Schools lose kids—particularly vulnerable kids—in moments of transition: from grade to grade, school to school, or home to home. For Indigenous children, this happens as early as Grade 4. But why? And how could schools prevent it from happening? NOIIE made it their mission to find out.
You can’t address problems you don’t understand. And how do you gain understanding? For NOIIE, the answer is brilliant in its simplicity: you ask, and then you listen.
The organization’s proprietary Spiral of Inquiry process begins with inviting vulnerable kids to share what’s going on in their lives and what their experiences are like at school.
“It’s basically like design thinking,” says Judy Halbert, Co-director of NOIIE. “You start by talking with the people you’re supposed to be serving.”
In 2017, a cohort of 11 BC secondary schools took on the challenge of improving the transition experience. Dr. Catherine McGregor from the University of Victoria researched the impact of this work and documented the findings in a report titled “Improving Transitions for Indigenous Learners Through Collaborative Inquiry.”
In 2019, a second cohort of 13 schools was launched; their inquiries are due in 2022. At each participating school, a team of educators spends time with Indigenous students to learn about their experience and then designs specific interventions aimed at creating a greater sense of identity and belonging. And because each school sees different challenges, the outcome of the process—what’s learned, and what action is taken as a result of that learning—looks different for every school.
Those outcomes then feed back into more scanning, more learning, and more action—over and over, again and again—which means schools that have been doing the Spiral for years can see the significant cumulative impact that the process has on the lives of Indigenous students and on schools as a whole.
Taking Education Out Of Traditional Classrooms
One of NOIIE’s notable success stories comes from South Okanagan Secondary School in Oliver. Teachers and administrators knew they were losing kids at the grade 9 or 10 level. Checking in with their students, they learned three important things: they wanted more hands-on learning, they wanted to be outside and they wanted more connection with their community and the land.
This understanding inspired the creation of a pioneering cross-curricular learning experience called EPIC, which stands for Experiential, Project-based, Indigenous, Community. The program broke down barriers between classes like math, PE, art and shop, frequently taking learning outside school and onto the land. For instance, students would learn about the importance of snowshoes in Indigenous culture, then build their own PVC snowshoes, then go out into nature to use them.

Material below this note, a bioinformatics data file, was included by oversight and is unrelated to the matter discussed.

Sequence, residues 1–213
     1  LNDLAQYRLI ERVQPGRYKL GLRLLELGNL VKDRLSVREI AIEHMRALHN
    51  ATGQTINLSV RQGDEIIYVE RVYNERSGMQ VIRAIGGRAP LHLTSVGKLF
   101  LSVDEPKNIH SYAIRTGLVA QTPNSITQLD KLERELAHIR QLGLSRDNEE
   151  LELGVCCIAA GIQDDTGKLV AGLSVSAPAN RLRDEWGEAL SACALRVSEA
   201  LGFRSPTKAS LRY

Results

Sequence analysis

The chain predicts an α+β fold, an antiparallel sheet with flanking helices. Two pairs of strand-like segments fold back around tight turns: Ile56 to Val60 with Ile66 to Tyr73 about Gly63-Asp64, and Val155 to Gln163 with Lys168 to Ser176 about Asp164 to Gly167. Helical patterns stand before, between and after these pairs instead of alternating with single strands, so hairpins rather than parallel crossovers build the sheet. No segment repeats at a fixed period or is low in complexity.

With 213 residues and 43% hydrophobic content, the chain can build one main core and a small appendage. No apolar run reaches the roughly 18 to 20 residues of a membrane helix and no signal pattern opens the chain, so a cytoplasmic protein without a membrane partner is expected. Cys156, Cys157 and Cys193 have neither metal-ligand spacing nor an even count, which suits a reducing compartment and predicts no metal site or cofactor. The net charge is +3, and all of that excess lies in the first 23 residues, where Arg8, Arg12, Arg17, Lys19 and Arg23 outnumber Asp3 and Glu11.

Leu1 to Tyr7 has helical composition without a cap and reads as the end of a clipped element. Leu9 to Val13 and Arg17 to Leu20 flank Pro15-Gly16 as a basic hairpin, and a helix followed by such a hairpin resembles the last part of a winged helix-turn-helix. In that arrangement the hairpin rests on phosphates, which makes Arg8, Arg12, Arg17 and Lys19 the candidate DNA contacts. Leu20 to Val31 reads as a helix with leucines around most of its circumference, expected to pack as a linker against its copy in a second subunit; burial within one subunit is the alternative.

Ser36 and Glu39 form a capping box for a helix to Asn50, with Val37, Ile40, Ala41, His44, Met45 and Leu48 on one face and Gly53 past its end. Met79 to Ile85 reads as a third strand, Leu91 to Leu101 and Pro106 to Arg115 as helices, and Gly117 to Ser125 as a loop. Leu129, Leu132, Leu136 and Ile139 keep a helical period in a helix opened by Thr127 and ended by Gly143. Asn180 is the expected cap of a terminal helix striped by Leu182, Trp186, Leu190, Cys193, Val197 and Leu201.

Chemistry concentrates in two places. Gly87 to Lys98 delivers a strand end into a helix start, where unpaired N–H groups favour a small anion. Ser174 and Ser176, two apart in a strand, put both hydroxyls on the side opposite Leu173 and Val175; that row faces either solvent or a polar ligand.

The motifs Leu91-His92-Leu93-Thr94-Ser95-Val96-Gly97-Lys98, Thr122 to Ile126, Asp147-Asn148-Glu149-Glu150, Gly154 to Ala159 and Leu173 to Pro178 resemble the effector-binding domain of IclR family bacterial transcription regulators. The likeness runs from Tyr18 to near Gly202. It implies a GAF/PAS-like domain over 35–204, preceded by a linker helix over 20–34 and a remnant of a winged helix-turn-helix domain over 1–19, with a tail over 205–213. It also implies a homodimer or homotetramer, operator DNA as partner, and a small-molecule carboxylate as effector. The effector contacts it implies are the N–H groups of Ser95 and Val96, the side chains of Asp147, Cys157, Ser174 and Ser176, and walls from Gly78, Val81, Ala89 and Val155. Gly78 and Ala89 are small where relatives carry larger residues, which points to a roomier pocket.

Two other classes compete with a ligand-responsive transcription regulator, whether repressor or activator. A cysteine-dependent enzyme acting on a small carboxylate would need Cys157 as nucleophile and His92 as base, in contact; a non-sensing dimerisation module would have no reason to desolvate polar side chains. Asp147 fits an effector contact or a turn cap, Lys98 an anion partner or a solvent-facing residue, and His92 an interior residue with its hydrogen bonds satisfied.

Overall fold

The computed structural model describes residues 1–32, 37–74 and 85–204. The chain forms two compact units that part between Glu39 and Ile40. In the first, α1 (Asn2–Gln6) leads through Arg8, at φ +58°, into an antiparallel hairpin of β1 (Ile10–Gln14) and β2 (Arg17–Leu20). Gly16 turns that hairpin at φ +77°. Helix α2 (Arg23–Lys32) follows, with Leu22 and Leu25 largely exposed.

What was supposed to be a semester-long experiment continued, expanded and evolved. Now in its fifth year, EPIC has become an inspirational model for educators from other schools and districts wanting to engage their Indigenous learners. And graduation rates for Indigenous students in School District 53 have reached an all-time high.
The school’s principal, Tracy Harrington, says they’ve watched their students “blossom” as the result of the program. “They’re so proud of who they are and where they’ve come from.”
Welcoming Incoming Students With a Ceremonial Feast
Another impactful Spiral of Inquiry continues to play out in Prince Rupert, where educators noted that students faced challenges transitioning from grade 8 to 9, which meant leaving their smaller elementary schools for the larger Charles Hays Secondary School.
The inquiry team scanned for about a year, gathering copious data from students, and developing a hunch that ultimately evolved into a welcome feast that honours the big jump—and the accompanying emotional transition—that students were making.
Aboriginal Family Resource Worker Marlene Clifton says, “It acknowledges that we are on Sm’algyax territory, and culturally, this is what we do as Indigenous people, we have feasts to welcome, to celebrate, to honour.”
The feast is one of the ways the trilingual school—which conducts classes in English, French and Sm’algyax language—is ensuring that Indigenous culture is felt throughout the school, not just by Indigenous students or within the bounds of First Nations 12 class.
“There is an Indigenous presence at this school that is celebrated by all,” says Charles Hays teacher Nancy Griffith Zahner.
“It’s all a way of bringing our community closer together and our students closer together to us,” says Sandy Beckwith, Aboriginal Family Resource Worker. “We’re with them for four years. We’re their family, so we’re trying to establish something right off the bat so we can push them through and watch them succeed.”
Elder and Sm’algyax Language Teacher Alex Campbell says the impact of what the school has done is profound. “This is one of the most important things that I have seen happening in my lifetime…we stand together, we lock arms and we move forward at the same speed.”